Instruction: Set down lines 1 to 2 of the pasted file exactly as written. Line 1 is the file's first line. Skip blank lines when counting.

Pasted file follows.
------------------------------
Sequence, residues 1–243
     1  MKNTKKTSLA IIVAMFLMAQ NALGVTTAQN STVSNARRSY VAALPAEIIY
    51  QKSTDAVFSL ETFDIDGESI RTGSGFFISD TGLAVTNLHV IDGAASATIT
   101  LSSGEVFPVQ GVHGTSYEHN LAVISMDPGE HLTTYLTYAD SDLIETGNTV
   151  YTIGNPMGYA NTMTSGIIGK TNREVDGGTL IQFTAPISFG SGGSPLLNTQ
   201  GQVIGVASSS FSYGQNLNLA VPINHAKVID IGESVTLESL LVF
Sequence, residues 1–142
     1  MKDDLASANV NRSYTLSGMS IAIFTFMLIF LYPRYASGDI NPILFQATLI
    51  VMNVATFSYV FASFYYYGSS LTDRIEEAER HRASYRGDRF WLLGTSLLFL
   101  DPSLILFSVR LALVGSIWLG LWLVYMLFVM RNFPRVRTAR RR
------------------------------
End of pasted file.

Sequence, residues 1–243
     1  MKNTKKTSLA IIVAMFLMAQ NALGVTTAQN STVSNARRSY VAALPAEIIY